311 Light, Human Perception, and Health

led by Shaun Darragh

The most fundamental aspect of designing with light, and lighting controls, is how we perceive the interaction of light and surface in the built environment.  When intentionally designed, we can use these interactions to direct attention, create mood, regulate the awareness of brightness, and improve occupant satisfaction all while minimizing energy use.

Current research shows us that learning about visual perception is not enough.  Light also has specific physiological impacts that must be considered in most projects. How does light affect alertness? What kind of light do we need for our sleep wake cycles?  Is the spectral power distribution correct in our light sources?  How does light affect our endocrine systems?  Are LED light sources really hazardous? How may lighting controls help us with these issues?

This class will introduce participants to some of the primary human physiological systems that are responsible for visual performance and non-visual response to light, and how we may use light to direct perception.  We will include discussion of current research into non-visual cues and how light may interact with our daily physiological rhythms.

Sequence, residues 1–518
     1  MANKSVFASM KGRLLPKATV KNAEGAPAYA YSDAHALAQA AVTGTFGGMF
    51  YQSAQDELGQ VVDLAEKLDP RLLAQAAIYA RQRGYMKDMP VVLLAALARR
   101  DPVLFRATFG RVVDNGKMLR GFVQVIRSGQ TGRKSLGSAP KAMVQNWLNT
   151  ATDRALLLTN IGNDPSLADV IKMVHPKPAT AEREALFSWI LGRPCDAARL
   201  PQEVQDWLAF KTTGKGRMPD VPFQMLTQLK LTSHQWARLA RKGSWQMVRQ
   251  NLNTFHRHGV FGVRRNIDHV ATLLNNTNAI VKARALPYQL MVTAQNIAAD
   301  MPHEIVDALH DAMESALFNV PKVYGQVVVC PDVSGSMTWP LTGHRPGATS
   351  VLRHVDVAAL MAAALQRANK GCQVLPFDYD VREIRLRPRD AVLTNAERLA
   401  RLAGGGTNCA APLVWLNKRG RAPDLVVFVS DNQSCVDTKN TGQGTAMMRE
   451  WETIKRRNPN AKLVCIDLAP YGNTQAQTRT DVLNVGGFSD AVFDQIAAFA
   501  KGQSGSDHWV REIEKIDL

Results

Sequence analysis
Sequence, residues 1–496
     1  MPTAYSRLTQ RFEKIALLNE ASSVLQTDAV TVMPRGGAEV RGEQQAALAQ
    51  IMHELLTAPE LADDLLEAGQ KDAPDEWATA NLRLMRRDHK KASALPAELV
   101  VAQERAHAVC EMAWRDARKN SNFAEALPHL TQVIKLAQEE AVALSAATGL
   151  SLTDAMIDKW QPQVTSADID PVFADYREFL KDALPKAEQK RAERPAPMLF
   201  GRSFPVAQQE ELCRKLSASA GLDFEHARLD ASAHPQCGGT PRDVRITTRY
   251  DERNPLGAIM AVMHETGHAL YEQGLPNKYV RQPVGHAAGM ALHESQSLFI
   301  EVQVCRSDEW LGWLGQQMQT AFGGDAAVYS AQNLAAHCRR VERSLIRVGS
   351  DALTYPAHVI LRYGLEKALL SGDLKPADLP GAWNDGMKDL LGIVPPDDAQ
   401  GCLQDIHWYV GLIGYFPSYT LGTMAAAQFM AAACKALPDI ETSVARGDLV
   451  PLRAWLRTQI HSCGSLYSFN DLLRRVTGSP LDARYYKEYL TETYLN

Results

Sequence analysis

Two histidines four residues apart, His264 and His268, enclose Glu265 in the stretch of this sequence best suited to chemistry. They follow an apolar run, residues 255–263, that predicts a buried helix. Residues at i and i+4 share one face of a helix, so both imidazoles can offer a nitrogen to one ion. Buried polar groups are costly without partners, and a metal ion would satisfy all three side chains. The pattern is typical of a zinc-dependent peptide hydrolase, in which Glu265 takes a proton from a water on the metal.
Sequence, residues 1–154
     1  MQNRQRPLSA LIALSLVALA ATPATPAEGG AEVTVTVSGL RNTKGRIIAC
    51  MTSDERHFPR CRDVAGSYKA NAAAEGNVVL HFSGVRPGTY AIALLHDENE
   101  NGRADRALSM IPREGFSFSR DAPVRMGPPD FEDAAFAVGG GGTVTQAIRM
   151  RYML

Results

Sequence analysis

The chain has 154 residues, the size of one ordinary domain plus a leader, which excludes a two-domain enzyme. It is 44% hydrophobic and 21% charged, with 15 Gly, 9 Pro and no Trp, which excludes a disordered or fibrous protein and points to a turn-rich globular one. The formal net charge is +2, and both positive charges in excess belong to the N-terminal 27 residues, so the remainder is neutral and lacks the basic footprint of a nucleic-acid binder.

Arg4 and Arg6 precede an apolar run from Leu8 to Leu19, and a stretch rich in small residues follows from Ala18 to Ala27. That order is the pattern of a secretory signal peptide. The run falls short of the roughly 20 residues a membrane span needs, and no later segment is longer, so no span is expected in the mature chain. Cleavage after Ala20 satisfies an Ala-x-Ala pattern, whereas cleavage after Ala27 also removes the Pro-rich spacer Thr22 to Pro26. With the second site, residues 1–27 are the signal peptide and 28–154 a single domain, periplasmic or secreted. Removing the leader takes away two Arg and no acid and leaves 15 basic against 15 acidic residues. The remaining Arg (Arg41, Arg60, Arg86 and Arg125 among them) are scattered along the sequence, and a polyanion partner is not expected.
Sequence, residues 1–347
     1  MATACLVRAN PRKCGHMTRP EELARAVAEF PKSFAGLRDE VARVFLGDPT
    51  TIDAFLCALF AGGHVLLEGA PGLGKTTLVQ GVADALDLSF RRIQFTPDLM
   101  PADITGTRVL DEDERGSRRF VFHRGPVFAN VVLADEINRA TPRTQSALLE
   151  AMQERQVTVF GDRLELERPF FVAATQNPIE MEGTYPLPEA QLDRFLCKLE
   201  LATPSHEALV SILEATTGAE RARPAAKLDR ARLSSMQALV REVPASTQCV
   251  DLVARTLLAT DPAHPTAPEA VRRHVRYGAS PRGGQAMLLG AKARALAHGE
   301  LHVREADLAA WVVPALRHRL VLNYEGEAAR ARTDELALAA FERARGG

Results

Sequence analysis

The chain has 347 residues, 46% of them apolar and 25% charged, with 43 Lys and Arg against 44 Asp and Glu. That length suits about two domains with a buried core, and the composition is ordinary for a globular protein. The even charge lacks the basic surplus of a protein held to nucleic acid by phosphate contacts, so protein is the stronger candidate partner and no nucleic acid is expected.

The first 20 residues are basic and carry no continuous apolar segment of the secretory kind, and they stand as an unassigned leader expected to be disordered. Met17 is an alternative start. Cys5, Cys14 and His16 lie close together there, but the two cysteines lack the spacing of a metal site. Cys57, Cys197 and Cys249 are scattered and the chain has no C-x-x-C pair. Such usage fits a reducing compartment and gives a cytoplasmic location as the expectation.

Learning Goals

At the end of the class, participants will:

  • Understand the basic elements of human visual systems.
  • Understand how to apply light to direct attention, create mood, and modulate brightness perception.
  • Understand basic elements of human non-visual light reactive physiology.
  • Be introduced to current research regarding human physiological reactions to light color spectrum and intensity.  
  • Learn tips and tricks to use in everyday practice to improve the visual quality of the built environment while minimizing energy use.

Locations & Times

  • SEATTLE  Thu, Apr 9 | 8AM - 11:30AM @ Lighting Design Lab 


1. Choose a class date and location.

Thursday, April 9
Class location:
Lighting Design Lab
2915 4th Ave. S.,
Seattle, WA 98134
Seattle, Washington